A Bookish Buddhist Koan

Even though the proverb, “No man crosses the same river twice,” is attributed to Heraclitus, it has always struck me in the same way as Buddhist kōan. The proverb invites the same kind of mulling-over that kōan’s require. Recently, I saw a new twist on the old saying: no readers read the same book. I’ve been thinking about it ever since.

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Albert André

I shouldn’t be surprised at how much I like this new bookish kōan. After all, I spent years hanging out with English majors and professors. We can argue about the meaning of one sentence for ages. Even now that I’m a librarian and have much less contact with English majors (and how I miss it!*), I still see people disagreeing about the meaning of various sentences, paragraphs, chapters, and books.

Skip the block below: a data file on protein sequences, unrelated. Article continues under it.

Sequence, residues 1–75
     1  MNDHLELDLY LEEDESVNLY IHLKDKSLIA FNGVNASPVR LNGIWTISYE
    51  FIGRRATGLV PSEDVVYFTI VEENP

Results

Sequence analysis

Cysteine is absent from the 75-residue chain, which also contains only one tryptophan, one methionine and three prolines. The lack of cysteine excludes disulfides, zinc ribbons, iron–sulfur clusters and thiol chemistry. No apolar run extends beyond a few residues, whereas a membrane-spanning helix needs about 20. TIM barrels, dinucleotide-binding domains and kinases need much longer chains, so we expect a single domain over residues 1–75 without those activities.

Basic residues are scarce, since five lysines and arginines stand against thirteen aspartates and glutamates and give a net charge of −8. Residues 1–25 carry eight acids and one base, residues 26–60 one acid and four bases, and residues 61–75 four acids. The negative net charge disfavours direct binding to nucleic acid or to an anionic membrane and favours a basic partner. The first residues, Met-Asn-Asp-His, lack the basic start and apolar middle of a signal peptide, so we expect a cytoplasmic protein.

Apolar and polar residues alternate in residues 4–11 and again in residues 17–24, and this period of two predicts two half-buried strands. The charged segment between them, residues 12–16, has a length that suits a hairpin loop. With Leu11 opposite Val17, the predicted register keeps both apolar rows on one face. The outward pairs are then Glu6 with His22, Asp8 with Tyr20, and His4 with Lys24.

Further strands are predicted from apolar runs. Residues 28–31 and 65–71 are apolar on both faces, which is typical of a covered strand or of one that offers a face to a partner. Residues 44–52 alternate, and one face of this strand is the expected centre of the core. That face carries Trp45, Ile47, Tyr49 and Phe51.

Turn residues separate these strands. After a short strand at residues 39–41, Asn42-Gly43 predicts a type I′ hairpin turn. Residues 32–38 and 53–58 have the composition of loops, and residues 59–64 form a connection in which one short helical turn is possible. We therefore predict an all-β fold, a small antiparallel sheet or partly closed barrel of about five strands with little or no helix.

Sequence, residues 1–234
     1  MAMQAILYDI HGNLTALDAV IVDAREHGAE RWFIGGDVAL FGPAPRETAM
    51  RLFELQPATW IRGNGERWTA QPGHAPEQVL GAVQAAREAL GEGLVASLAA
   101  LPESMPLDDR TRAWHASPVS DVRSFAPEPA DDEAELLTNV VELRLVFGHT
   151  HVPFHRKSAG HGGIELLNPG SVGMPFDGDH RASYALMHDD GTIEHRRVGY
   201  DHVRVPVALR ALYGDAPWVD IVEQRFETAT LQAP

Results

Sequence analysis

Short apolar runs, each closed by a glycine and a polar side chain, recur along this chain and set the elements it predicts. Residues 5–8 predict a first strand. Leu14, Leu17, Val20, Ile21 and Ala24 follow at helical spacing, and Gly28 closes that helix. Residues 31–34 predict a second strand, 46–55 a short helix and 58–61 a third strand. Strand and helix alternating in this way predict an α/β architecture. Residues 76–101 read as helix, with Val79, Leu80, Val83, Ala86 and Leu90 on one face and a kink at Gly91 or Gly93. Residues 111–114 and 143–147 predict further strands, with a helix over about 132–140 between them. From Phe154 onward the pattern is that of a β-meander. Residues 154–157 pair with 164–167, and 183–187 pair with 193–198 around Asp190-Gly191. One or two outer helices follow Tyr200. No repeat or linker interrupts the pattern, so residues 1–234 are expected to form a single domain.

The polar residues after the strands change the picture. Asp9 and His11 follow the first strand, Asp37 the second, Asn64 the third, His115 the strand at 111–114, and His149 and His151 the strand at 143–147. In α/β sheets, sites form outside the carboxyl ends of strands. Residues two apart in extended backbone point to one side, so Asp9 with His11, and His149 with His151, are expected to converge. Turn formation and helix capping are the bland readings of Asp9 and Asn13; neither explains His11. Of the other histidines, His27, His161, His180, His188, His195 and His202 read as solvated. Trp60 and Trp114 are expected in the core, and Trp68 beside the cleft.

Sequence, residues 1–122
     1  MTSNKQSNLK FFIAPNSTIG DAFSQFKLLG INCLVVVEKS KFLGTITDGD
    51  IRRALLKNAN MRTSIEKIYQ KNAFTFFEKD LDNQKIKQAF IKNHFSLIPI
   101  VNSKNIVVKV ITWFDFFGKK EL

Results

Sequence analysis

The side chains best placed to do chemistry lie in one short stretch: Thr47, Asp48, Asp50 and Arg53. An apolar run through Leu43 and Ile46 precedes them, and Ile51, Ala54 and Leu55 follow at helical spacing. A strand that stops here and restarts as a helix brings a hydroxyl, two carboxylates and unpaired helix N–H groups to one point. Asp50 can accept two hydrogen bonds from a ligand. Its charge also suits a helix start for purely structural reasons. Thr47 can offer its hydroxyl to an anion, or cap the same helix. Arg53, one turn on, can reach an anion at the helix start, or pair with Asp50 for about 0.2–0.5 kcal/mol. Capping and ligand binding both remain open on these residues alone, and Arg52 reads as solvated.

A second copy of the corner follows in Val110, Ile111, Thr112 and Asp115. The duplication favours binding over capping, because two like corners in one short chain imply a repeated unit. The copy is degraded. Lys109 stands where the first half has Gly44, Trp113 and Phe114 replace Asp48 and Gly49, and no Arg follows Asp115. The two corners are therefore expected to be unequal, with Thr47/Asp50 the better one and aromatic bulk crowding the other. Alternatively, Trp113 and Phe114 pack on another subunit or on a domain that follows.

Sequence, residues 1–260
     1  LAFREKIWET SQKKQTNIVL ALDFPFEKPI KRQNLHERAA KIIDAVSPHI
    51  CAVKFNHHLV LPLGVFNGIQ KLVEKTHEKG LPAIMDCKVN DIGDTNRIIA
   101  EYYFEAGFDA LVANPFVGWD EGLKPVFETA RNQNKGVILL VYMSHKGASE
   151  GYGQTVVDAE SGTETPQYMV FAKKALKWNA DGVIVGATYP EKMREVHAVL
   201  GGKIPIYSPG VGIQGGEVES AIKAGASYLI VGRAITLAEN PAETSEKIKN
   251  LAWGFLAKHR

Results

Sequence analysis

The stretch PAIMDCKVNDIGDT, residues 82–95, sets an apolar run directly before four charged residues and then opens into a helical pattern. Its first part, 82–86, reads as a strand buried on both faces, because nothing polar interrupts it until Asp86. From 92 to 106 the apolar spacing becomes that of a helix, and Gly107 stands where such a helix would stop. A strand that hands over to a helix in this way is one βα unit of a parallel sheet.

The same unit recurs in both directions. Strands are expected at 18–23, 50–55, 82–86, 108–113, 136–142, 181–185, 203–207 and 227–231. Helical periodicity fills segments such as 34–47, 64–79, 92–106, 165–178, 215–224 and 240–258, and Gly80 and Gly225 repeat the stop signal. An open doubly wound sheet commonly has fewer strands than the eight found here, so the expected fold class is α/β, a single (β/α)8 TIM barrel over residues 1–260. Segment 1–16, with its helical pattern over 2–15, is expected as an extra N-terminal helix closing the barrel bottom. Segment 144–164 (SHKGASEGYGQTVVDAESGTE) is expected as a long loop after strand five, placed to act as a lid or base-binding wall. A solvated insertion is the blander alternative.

Even though we’re all reading the same text, word for word, we all bring our own experiences to bear. We’ve read different books. We’ve seen different movies. We’ve talked to all sorts of people. All of that means that, in spite of the fact that we are reading the same words in the same order, no one is really reading the same story. Our experiences lead us to interpret what’s happening differently.

I will argue that this is a good thing. The fact that we’re not reading the same story means that, when we get together to talk about books, we can learn from each other. My interpretation is not 100% correct. Good stories, after all, will have so many layers of meaning that we will never get to the bottom of things. There are reasons why scholars still write about Hamlet and there is a book club that reads Ulysses over and over again. When I listen to other readers talk about books I’ve read, I learn more about those endless layers.

Not only do readers not read the same story though we read the same books, I will go farther and say that even if a reader re-reads a book, they’re not reading the same story again either. A few years ago, I re-read To Kill a Mockingbird and was pleasantly surprised that, this time around, I saw so much more in the book. If I read it again in another decade, I wonder what I will see then.


* No, really.

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